Men’s Issues- Counselling in Langley

Dr. Michael Dadson (Mike Dadson), has focused his research in the area of men’s mental health and men’s issues from the beginning of his carrier more than 30 years ago. To review Dr. Mike Dadson’s extensive writings and findings in “The stories of our fathers : men’s recovery from intergenerational wounds” click here.

According to McKenzie et al., (2018), doi: 10.1177/1557988318772732
Masculinity, Social Connectedness, and Mental Health: Men’s Diverse Patterns of Practice”, Men’s Social Relationships and Mental Health, section, para 3.,men prefer social connections as a source of support, they have fewer social interactions, social connections, support exchanges with their friends and family.

”Men’s mental health issues have largely been ignored or gone unrecognised until recently” Dr. Dadson acknowledges. The changes in psychology have enabled discoveries between men and women in areas of male emotion, relationship dynamics, and the behaviour and other issues associated with in men’s mental health.

Dr. Michael Dadson recognises, “when men ask for help, it is far too often perceived as shameful or a sign of weakness”. Dr. Dadson’s counselling for men is designed to allow men to vocally express and understand their feelings, and problems, during individual counselling, couples counselling or group therapy settings.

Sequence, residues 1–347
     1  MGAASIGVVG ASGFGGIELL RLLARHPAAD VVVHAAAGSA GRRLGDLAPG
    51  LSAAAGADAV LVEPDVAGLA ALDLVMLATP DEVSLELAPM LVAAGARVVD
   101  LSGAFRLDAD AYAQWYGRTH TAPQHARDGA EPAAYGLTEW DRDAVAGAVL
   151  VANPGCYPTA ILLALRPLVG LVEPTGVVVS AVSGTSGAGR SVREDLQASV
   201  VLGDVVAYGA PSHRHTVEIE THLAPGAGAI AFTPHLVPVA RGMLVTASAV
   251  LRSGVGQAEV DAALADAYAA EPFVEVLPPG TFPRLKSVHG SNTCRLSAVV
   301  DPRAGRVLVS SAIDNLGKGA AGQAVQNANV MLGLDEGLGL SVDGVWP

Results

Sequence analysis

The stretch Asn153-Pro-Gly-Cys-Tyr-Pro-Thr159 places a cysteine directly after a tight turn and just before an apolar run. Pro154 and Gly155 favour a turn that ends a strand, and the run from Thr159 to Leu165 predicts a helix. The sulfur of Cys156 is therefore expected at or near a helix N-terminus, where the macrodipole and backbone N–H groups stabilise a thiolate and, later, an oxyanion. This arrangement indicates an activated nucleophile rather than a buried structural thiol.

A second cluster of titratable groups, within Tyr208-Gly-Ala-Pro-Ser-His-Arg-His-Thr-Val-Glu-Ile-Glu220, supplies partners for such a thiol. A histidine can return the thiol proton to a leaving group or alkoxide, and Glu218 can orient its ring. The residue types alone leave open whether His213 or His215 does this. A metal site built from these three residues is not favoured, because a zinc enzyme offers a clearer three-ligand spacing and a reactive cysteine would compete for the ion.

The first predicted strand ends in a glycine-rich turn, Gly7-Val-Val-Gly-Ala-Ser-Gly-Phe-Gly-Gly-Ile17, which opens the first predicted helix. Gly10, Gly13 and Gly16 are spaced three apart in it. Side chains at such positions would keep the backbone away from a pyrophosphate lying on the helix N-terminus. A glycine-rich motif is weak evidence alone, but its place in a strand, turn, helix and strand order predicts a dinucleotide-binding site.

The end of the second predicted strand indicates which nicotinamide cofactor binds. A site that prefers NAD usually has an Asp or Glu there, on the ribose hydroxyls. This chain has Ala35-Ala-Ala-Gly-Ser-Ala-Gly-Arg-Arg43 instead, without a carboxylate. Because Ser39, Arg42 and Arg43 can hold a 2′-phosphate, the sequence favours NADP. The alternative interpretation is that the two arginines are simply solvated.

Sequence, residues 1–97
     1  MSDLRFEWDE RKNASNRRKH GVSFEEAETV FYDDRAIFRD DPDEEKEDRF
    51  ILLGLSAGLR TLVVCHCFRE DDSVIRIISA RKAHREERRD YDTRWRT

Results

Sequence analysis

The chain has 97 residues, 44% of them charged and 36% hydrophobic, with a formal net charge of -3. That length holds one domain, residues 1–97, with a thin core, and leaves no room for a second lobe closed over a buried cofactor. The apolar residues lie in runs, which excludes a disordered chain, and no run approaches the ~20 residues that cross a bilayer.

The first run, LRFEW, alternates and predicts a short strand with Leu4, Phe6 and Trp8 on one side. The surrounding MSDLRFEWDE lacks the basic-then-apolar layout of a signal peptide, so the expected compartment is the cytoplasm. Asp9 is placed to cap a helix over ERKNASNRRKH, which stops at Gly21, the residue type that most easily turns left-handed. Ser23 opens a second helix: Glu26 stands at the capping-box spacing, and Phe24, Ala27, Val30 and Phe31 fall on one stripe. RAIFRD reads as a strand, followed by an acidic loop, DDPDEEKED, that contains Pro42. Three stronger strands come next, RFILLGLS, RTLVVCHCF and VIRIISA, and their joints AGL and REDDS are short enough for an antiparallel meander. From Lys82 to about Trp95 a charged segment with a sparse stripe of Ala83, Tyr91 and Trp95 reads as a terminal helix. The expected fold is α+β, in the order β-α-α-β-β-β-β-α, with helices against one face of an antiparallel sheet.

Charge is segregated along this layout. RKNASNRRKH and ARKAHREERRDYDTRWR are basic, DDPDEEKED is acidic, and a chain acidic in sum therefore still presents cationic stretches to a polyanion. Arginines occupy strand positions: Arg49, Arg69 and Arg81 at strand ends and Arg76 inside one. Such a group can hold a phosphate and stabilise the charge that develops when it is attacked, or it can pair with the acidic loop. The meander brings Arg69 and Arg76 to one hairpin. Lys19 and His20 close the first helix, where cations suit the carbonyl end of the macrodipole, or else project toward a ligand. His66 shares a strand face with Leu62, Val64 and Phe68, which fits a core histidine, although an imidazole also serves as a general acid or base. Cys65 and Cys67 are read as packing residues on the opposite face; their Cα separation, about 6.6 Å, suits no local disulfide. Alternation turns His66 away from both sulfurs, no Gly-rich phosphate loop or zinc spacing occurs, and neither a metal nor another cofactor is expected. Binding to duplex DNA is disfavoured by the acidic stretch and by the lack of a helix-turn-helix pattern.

“It takes courage to reach out for help and seek counseling”, Dr. Mike Dadson recognises and, encourages men who are struggling to be happy, are at a cross roads in their relationships, are experiencing stress and want answers, to contact him.

People suffering from an eating disorder have issues with food regulation, intake and body image and do not eat in regulation to the actual food needs of their body. “Eating disorder symptoms can manifest in varying degrees and are a co-morbid of other mental health issues”, comments Dr. Michael Dadson.

Anorexia nervosa symptoms include eating avoidance, eating less than the body requires or starvation. It is not uncommon for individuals affected by anorexia nervosa to binge on food then purge what they have eaten using laxatives or self-induced vomiting.

Heart rhythm abnormalities, seizures or kidney problems are examples of the serious life threatening complications that may arise. Research indicates other than opioid use disorder, anorexia the second highest mortality of any psychiatric diagnosis and should not be left untreated.

Bulimia Nervosa
It is common for those suffering with bulimia nervosa to alternate between dieting, eating foods low in calories, or binge on large amounts of foods that contain high value calories and then purge in some form (self-induced vomiting. Feelings of embarrassment or shame usually accompany binging or purging behavior that usually occur in private.

Eating Disorder Not Otherwise specified (ED NOS) symptoms may manifest as a combination of the other two conditions.

Therapy for eating disorders depends on the patient. While some people respond well to short term outpatient treatment, others respond better to long-term inpatient treatment.

Dr. Michael Dadson (Mike Dadson), states “it is important for anyone suffering with an eating disorder to seek treatment as soon as possible”.